Looking for tips on how to work with a speech therapist to best support your child’s progress in speech therapy at home? Look no more! According to the National Institute of Deafness and Other Communication Disorders, (NIH), 7.7% of children in the United States have a disorder related to voice, speech, language, or swallowing. That means there are plenty of parents wondering how to navigate speech and language disorders and how to work with speech- language pathologists (SLPs).
Guest Speaker Macey Riggs is sharing her advice on working with communication professions for your child with disabilities:
A study on the diagnosed developmental disabilities among children in the United States found that 17% of children aged 3 to 17 years had a developmental disability. Often, this condition results in a speech or language impairment and disruption. It isn’t uncommon for children with disabilities to experience language and communication delays. These challenges underpin parents’ concerns over addressing the speech impediments of their children with disabilities.
Speech impediments encompass a child’s ability to speak fluently. Parents can observe disruptions through added, omitted and substituted sounds, and in the use of gestures. Speech impediments affect how your child communicates and socializes. For example, you may notice your child struggling to answer questions or read out loud. It’s natural for parents to feel concerned over their child’s difficulty to express themselves— especially when the child’s thoughts or needs can’t be recognized immediately.
Fortunately, working with a speech therapist enables parents to implement individualized plans to promote the best outcomes for their child. Speech- language pathologists (SLPs) help parents to identify certain speech patterns and behaviors. Parents can then focus on addressing the areas their child struggles with.
Here are three helpful tips on working with communication professionals for your child with disabilities:
1. Create a Collaboration Plan.
A collaborative approach helps to address and potentially minimize problems in speech. Working as a team allows information to be shared seamlessly between speech therapists and parents. A study by Griselda Jane and Harini Tunjungsari in 2015 found that parental involvement in speech therapy is essential and that open dialogue is necessary to provide better outcomes for children with speech disorders.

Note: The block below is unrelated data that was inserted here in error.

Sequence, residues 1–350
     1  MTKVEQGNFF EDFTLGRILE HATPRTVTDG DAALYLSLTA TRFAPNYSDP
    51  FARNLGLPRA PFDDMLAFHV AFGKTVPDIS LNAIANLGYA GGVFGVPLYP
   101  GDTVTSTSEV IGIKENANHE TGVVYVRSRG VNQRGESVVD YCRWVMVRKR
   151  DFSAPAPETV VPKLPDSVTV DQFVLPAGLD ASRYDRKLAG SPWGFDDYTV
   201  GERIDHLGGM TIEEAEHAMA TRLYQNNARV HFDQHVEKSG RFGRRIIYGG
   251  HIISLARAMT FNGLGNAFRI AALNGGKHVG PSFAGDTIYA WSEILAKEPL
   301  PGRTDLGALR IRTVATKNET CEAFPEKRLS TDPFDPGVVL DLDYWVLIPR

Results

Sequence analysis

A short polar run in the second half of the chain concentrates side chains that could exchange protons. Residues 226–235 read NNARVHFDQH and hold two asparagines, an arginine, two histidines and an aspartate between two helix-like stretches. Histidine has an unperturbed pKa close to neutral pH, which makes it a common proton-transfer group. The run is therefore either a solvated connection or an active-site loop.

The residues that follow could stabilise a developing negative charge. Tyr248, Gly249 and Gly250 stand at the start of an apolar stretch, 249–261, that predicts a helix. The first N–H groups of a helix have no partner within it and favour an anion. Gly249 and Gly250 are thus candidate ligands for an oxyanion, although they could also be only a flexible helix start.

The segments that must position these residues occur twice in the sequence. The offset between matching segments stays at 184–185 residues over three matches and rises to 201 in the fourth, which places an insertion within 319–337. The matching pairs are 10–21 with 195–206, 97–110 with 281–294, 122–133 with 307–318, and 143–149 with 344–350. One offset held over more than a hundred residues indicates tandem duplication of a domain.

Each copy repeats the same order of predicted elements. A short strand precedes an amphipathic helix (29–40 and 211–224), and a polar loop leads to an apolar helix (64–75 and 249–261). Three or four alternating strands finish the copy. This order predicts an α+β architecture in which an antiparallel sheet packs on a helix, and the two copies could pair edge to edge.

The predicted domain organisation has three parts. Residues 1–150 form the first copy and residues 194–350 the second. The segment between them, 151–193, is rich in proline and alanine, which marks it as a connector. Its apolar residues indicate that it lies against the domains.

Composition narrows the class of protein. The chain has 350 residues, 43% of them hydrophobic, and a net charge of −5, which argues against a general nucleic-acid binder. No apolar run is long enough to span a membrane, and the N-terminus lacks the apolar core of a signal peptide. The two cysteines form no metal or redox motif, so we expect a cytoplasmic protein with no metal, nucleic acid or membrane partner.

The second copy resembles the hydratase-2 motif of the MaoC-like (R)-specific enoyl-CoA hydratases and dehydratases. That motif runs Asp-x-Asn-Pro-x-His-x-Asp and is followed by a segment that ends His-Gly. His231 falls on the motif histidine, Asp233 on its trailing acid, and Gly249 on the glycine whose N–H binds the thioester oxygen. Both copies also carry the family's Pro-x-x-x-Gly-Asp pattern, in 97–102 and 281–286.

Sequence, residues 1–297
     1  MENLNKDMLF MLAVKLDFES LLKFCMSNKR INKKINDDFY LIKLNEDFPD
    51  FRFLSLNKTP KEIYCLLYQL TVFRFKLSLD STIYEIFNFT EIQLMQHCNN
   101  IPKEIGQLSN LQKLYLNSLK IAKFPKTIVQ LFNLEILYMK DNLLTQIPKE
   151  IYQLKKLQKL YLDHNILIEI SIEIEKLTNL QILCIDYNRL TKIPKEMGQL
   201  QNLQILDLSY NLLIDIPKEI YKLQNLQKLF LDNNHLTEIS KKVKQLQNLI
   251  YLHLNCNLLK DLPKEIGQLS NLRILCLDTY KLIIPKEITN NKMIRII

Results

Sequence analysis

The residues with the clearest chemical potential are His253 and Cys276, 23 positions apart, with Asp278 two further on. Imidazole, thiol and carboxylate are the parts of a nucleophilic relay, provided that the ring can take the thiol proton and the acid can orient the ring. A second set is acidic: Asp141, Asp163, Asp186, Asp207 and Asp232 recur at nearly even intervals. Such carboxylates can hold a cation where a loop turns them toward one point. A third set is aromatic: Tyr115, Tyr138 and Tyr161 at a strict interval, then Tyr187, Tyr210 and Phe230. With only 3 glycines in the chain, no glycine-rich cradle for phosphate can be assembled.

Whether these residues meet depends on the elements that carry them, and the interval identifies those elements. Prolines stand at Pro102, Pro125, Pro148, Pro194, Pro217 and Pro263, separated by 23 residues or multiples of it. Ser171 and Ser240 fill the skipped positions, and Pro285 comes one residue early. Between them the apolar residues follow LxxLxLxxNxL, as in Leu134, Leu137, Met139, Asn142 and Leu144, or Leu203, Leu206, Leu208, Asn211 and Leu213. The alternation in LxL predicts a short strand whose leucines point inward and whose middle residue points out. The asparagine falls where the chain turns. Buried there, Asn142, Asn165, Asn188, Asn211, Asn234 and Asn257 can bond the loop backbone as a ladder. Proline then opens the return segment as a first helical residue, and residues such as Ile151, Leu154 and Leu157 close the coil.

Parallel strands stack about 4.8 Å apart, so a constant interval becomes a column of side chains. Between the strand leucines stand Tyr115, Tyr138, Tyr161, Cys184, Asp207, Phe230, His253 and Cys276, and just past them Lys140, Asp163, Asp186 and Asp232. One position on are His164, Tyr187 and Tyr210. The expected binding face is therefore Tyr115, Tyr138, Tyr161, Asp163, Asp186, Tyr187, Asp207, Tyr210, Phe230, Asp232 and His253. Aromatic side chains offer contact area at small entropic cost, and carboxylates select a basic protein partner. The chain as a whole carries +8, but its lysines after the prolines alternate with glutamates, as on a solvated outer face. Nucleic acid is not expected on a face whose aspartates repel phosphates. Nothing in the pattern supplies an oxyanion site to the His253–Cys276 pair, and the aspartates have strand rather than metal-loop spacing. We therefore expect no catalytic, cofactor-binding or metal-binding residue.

Parents should be transparent about their resources such as time, support, and skills as they determine their own level of involvement in the process of co-designing a speech therapy plan for their children. This way, parents can also clarify their role or responsibilities in implementing strategies. Some parents will go as far as creating a whole sensory room for their child, while others will do their best to implement all the smaller (easier) tips from their speech therapist at home.
Speech therapists can also provide reasonable suggestions based on how much time you can allot for your child, or how much you’re willing to spend on therapies. Ultimately, targeted goals can be created based on the mutual understanding of each side’s expectations and preferences.
2. Ask Your Speech Therapist Questions.
Understandably, there will be numerous concerns you’ll want to bring forward as you form treatment plans or your child. You may also have some recommendations or preferences to share with your speech therapist as they start to work with your child. Parents should be open to consulting communication professionals about their concerns and uncertainties. Together with your child’s speech therapist, you’ll be able to create strategies to promote optimal educational outcomes for your children with disabilities. By being proactive and honest, parents can provide input on problem-solving and support strategies. Likewise, this helps speech therapists tailor their recommendations accordingly.
3. Reinforce Speech Therapy Strategies at Home.
Communication strategies can be practiced regularly if you integrate them into your home life. Parents can supplement and support their child’s speech therapy activities at home to practice their new speech skills and reduce any nervousness. Speech therapy can be a ton of fun and can be implemented in almost any activity. Next time you’re doing something fun with your family, be sure to include some speech therapy skills!
Your child’s speech-language therapist may ask you to help your child practice language skills by engaging them in conversations often. You can also model communication strategies such as using concrete language with clear and concise wording. Storytelling with visual aids like picture cards or story books can be a fun way to practice speech sounds. You can even go over assignments for school together and practice their speech goals.
Parents of children with disabilities play incredibly important roles in ensuring their kids can communicate their wants and needs effectively. Hopefully, the above tips can assist you in developing the right interventions with the help of communication professionals.
Written by Macey Riggs for teachingexceptionalthinkers.com